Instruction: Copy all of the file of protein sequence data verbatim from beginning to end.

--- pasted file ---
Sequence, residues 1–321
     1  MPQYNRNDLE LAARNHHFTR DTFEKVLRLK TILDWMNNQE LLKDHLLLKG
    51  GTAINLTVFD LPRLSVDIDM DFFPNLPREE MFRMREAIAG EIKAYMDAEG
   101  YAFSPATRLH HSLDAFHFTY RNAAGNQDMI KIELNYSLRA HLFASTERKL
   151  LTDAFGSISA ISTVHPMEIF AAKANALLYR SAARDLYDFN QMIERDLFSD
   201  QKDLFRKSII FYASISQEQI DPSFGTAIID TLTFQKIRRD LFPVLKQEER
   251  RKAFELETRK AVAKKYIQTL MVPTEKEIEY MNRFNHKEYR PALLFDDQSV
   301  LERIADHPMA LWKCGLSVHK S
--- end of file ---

Sequence, residues 1–321
     1  MPQYNRNDLE LAARNHHFTR DTFEKVLRLK TILDWMNNQE LLKDHLLLKG
    51  GTAINLTVFD LPRLSVDIDM DFFPNLPREE MFRMREAIAG EIKAYMDAEG
   101  YAFSPATRLH HSLDAFHFTY RNAAGNQDMI KIELNYSLRA HLFASTERKL
   151  LTDAFGSISA ISTVHPMEIF AAKANALLYR SAARDLYDFN QMIERDLFSD
   201  QKDLFRKSII FYASISQEQI DPSFGTAIID TLTFQKIRRD LFPVLKQEER
   251  RKAFELETRK AVAKKYIQTL MVPTEKEIEY MNRFNHKEYR PALLFDDQSV
   301  LERIADHPMA LWKCGLSVHK S